Many people in the golf business talk about making the game more fun.
John Baxter is doing something about it.
The founder of west suburban Chicago Highlands, a four-year-old upscale private club surprisingly close to the Loop and Michigan Avenue, Baxter was as chipper as a schoolboy on Memorial Day.
And that was before Baxter teed off on Big Cup Day, when he had greenskeepers to install cups twice as big as regulation size for afternoon golfers to enjoy.
No one enjoyed the experiment more than Baxter, an enthusiastic self-described hacker who nearly holed out his approach for eagle on the 371-yard first hole, than happily settled for birdie.
“The game is supposed to be fun,’’ Baxter said during a rain delay, excited about being one-under (give or take a mulligan) after eight holes. “The big cup makes the game more fun.’’
He has a point. Long putts and many chips are more fun because there’s a better opportunity to drop them in—and because the big cup reduces anxiety about the knee-knockers that produce so much anxiety in the golfing world.
“People come out to the golf course to get away from stress and relax,’’ Baxter said. “But when they stand over a five-footer, what are they feeling? Stress.’’
The Big Cup reduces stress. “But there’s still skill involved. You still have to make the putt,’’ he said, emphasizing that the six-inch cup, while enticing, requires concentration and a good stroke. It merely rewards more good efforts.
And Americans love scoring plays because they’re exciting, Baxter said.
A Duke grad, he pointed out that college basketball responded to Dean Smith’s legendary but numbing Four Corners offense at North Carolina with a shot clock and a three-point line—and the game has flourished with more offense. The same goes for the NFL’s shift toward to wide-open offense, he said.
“Matt Suhey wouldn’t have a job today,’’ he said, recalling the fullback who blocked for Walter Payton.
Why is the Masters more coveted than the U.S. Open? Because, Baxter said, at the U.S. Open, the winner is the player who does the best job of hacking the ball out of the rough.
At Augusta, where there basically is no rough, people get to see birdies and eagles. And people like to see great shots.
Baxter puts his money where his mouth is. Despite a sluggish economy, he and his two partners opened Chicago Highlands in 2010 and have built a thriving club that requires a six-figure initiation fee.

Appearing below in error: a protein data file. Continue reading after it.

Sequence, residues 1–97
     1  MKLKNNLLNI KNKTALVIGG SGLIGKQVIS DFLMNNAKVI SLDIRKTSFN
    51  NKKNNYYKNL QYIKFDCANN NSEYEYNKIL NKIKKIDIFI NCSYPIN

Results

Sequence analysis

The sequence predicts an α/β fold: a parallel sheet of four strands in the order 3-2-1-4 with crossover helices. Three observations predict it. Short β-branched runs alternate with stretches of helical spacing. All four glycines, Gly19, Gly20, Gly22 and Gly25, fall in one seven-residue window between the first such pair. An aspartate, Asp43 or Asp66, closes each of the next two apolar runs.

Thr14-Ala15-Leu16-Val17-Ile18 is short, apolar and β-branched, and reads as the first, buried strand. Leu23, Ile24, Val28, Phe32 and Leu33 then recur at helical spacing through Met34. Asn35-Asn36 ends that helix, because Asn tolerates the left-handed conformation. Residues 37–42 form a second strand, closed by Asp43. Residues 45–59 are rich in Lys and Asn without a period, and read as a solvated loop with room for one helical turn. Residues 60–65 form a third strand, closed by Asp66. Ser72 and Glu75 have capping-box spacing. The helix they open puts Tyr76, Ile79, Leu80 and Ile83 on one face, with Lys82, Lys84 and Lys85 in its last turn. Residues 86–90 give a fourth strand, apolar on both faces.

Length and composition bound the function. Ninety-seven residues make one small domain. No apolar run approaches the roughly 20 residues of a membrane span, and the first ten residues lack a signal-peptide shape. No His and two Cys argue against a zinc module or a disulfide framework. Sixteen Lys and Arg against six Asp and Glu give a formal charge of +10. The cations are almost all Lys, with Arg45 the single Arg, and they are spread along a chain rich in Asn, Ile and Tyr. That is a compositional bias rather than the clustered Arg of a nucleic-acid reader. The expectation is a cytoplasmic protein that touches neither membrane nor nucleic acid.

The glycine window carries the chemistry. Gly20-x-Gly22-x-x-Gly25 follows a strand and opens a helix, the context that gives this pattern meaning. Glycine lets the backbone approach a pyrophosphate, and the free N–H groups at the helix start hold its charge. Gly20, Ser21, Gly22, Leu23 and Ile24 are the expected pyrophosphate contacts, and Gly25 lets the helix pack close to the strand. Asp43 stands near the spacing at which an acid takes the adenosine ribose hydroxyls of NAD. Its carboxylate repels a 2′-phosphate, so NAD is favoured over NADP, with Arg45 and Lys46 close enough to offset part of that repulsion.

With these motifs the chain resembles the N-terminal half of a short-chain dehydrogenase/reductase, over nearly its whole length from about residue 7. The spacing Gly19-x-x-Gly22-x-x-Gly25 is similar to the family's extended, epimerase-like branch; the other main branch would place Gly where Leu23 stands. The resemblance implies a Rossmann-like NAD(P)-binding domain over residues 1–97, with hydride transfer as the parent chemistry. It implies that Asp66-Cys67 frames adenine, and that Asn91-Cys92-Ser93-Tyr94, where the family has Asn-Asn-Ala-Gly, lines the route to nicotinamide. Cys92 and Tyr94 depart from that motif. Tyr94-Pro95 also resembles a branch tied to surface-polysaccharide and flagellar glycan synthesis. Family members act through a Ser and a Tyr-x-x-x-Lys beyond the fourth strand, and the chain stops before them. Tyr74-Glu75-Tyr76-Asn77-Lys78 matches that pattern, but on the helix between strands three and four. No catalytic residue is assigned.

How? His golf course is in Westchester, a close-in suburb near several affluent suburbs. But he also offers a delightful linksy Arthur Hills design that’s fun for all skill levels that was No. 5 on Golfweek’s list of best new courses for 2010.
The ninth hole, which is basically a short but straight-uphill par-four (344 yards from the tips) to a green on top of a hill, was voted America’s “Golf Hole of the Year’’ by Golf Digest. The view of the Chicago skyline from this perch is nothing short of marvelous.
Chicago Highlands also has a blind-shot par-three (No. 13) into a valley that salutes the original at Lahinch in Ireland, par-fives that have risk-reward touches reminiscent of Augusta National, at least two driveable par fours and tee boxes by the bushel.
On the par-five 12th, for example, there are nine tee boxes. “Some people want a 10th,’’ Baxter said.
And at Chicago Highlands, lessons are free to the membership.
Non-golf activities aimed at energetic families also are plentiful. A large clubhouse is on the drawing board for when the club, which has 180 members, reaches 250. In the meantime, there’s an ample swimming pool and basketball hoops that can be set at any height, allowing the shortest and youngest players to know the sensation of dunking.
But the Big Cup project holds a particular fascination in Baxter’s innovative mind these days.
“I’m gong to organize a Masters of Big Cup,’’ he said with a twinkle. “Find some corporate sponsors and play it right here every year.’’
Don’t dismiss that intention too quickly.
A youngster in another group experienced the thrill of making a hole in one, a development that delighted Baxter as much as the grade-schooler.
While Big Cup is in no danger of being adopted as the new standard in golf, there is a place for it, as demonstrated by our fun round.
Mike Munro, who operates the Golf Dome at White Pines, chipped in on No. 1 and No. 2.
Despite desultory ball-striking, I had a couple of birdie looks. After missing them, I can tell you that doubling the size of the cup certainly helps. But it doesn’t guarantee success.
For one thing, you have to resist the urge to believe that everything is going in. What works best, I found, is to forget about the size of the hole, prepare and putt longer putts the normal way. And then, be delighted when a putt that would have singed the edge of the hole drops in nicely.
An undeniable boost, though, is that Big Cup takes the anxiety out of the five-foot knee-knocker. It unseems unlikely that anyone would be fretting about losing that draining aspect of the game.
Another upside: Baxter’s joy at being under-par through eight holes buoyed our whole group.
“I’ve played a lot of bad golf on some of the world’s greatest golf courses,’’ Baxter said. “I want the game to be fun.’’
In a golf world where scrambles and shambles are common, where alternate shot and best ball and and nine-and-dine have found places, why not Big Cup?
It would be easy to keep the regular flag in place for those who prefer that, and simply add a Big Cup for twilight players who want a relaxing change at the end of a long weekend.
That’s the way Baxter tested it at Chicago Highlands. And judging by the warm reception, Big Cup could become a regular diversion.